John the Baptist

Who was John the Baptist?

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JOHN 1 BIBLE STUDY

19-28 John the Baptist

29-34 Lamb of God
35-45 Disciples of John
46-51 Nathanael
JOHN 1:19  19 And this is the testimony of John, when the Jews sent priests and Levites from Jerusalem to ask him, “Who are you?”

Who is “John” (John 1:19)?
It's John the Baptist. The writer of this Gospel is writing about another John.

Who is John the Baptist (John 1:19)?
John the Baptist is the prophet born to a priest named Zacharias and his wife Elizabeth: But the angel said to him, “Fear not, Zacharias, for your prayer is heard; and your wife Elizabeth will bear you a son, and you shall call his name John.” (Luke 1:13)

Why is John called “the Baptist”?
He was baptizing people, and because of it, the Jewish leaders (“Jews”) had sent “priests and Levites” to check him out.

JOHN 1:20-22  20 And he confessed, and did not deny, but confessed, “I am not the Christ.” 21 And they asked him, “What then? Are you Elijah?” He said, “I am not.” “Are you the Prophet?” And he answered, “No.” 22 They therefore said to him, “Who are you, that we may give an answer to those who sent us? What do you say about yourself?”

Why do they ask John the Baptist if he is “Elijah” or “the Prophet”?
The Jewish people were waiting for the arrival of three people prophesied in the Old Testament: (A) the Savior, which is “Messiah” in Hebrew and “Christ” (John 1:20) in Greek, in which the New Testament was written; (B) prophet Elijah just before the Messiah/Christ (“Behold, I will send you Elijah the prophet before the coming of the great and terrifying day of the LORD.” - Malachi 4:5); and (C) the “Prophet”: “The LORD your God will raise up for you a Prophet like me from among you, from your brethren.” (Deuteronomy 18:15). Since John the Baptist said he wasn't the Christ, they are asking him if he is either of the latter two.

Who is the “Prophet like me” (Deuteronomy 18:15)?
God used Moses to deliver the Jews from bondage in Egypt. Moses was prophesying about the One who would deliver them from their bondage to sin.

JOHN 1:23  23 He said, “I am ‘The voice of one crying in the wilderness: “Make straight the way of the Lord,”’ as Isaiah the prophet said.”

What is John the Baptist saying above?
He is answering by referring to Isaiah, who had prophesied: “Be comforted, be comforted, My people!” says Your God. “Speak tenderly to Jerusalem and proclaim to her that her warfare is ended, that her sin is pardoned; for she has received from the LORD’s hand double for all her sins.” The voice of one crying in the wilderness: “Prepare the way for the LORD; make straight in the desert a highway for our God...” (Isaiah 40:1-3)

What is the context of this declaration?
The book of Isaiah was written for the Jews returning to the promised land from exile. The first 39 chapters of Isaiah emphasize God’s judgment. The passage quoted above (from Isaiah chapter 40) marks the shift to the comfort that God will provide and alludes to Jesus’ role of opening the way for humanity to return to where we were with God, before the fall in the Garden of Eden.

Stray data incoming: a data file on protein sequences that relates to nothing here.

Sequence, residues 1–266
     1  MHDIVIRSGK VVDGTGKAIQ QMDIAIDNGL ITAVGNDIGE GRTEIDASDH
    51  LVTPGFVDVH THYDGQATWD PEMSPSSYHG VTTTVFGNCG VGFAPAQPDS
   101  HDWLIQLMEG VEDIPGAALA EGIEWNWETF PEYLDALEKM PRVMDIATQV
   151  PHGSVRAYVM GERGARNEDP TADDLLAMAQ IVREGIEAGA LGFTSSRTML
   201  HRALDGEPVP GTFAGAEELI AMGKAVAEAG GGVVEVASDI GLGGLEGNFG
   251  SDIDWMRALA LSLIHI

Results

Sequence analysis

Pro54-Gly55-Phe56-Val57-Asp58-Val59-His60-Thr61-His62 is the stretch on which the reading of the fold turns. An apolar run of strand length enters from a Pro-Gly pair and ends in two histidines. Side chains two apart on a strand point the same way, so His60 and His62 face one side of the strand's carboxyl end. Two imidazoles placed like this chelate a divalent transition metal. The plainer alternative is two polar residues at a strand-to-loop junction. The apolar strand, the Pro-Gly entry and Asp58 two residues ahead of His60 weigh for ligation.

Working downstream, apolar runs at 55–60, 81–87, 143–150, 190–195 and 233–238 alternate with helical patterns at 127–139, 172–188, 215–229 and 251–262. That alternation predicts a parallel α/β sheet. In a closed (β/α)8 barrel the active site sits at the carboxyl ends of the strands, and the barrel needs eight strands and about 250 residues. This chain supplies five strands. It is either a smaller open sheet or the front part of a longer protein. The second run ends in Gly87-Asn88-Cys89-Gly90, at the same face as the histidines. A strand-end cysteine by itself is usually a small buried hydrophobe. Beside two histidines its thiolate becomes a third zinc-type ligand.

So what is John the Baptist saying about himself?
When a king traveled during the antiquity, a herald ran ahead of him to clear the path and to prepare the people to welcome the coming king, like motorcycle policemen riding ahead of a presidential motorcade today. John is identifying himself as that herald for the coming “Lord” (John 1:23), which was his God-given role announced to his father by the angel before John was even born: “Also, he will also go before Him in the spirit and power of Elijah, ‘to turn the hearts of the fathers to the children,’ and the disobedient to the wisdom of the just, to make ready a people prepared for the Lord.” (Luke 1:17)

JOHN 1:24-27  24 Now those who had been sent were from the Pharisees. 25 And they asked him and said to him, “Why then do you baptize if you are not the Christ, nor Elijah, nor the Prophet?” 26 John answered them, saying, “I baptize in water, but there stands One among you whom ye do not know. 27 It is He who, coming after me, outranks me, whose sandal strap I am unworthy to loose.”

Who are “the Pharisees” (John 1:24)?
See Pharisees.

What is John the Baptist saying about the “sandal strap” (John 1:27)?
In those days, the roads were nothing more than dirt paths littered with animal excrement, and foot coverings were crude sandals. Given how dirty people’s feet became from walking through the dust and filth, the job of washing someone else’s feet was considered so low that only the lowest slaves were obliged to perform it. John the Baptist is saying that compared to Jesus, he is so worthless that he isn’t even worthy to be Jesus’ foot washing slave.

JOHN 1:28  28 These things were done in Bethabara beyond the Jordan, where John was baptizing.

What and where are “Bethabara” and “Jordan”?
Bethabara was a baptismal site on the other (east) side of Jordan, which is the river that runs along the eastern border of Israel.

John was born to serve God as His herald. What is the God-given, God-serving mission for your life, and are you living it out?
 

If you are, are you doing it with John's perception of his own worth?

 

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